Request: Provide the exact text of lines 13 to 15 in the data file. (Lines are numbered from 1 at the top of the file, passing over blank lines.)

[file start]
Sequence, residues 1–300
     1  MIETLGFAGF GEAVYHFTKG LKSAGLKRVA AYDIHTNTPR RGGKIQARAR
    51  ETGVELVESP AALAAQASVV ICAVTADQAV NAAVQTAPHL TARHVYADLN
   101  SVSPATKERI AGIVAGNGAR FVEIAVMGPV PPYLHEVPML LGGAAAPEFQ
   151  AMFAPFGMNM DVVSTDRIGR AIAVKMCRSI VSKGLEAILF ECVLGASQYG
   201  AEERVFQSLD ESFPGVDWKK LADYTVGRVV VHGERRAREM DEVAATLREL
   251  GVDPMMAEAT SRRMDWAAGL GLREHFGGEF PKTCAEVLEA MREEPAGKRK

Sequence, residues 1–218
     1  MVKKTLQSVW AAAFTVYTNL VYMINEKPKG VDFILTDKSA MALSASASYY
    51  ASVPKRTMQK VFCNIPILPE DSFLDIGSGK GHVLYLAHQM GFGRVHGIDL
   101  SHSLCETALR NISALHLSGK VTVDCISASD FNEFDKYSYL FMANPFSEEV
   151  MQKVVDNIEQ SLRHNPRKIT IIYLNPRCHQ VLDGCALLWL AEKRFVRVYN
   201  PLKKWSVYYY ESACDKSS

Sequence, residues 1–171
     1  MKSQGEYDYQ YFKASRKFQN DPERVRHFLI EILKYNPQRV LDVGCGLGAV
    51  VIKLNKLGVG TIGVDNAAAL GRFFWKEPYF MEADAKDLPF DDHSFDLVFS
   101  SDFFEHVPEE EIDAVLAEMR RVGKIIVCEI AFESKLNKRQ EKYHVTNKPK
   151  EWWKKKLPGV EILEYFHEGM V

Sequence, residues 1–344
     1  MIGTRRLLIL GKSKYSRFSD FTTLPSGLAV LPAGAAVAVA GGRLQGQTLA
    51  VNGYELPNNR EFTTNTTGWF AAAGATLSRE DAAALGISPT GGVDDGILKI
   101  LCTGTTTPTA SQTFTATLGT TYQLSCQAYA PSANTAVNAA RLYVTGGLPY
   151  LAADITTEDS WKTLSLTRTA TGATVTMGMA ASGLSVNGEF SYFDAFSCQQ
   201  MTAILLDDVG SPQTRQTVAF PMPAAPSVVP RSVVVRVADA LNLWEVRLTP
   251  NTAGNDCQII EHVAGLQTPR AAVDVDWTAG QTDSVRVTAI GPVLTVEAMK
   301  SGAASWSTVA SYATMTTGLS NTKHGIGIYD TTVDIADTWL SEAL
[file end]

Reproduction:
   201  PLKKWSVYYY ESACDKSS

Sequence, residues 1–171
     1  MKSQGEYDYQ YFKASRKFQN DPERVRHFLI EILKYNPQRV LDVGCGLGAV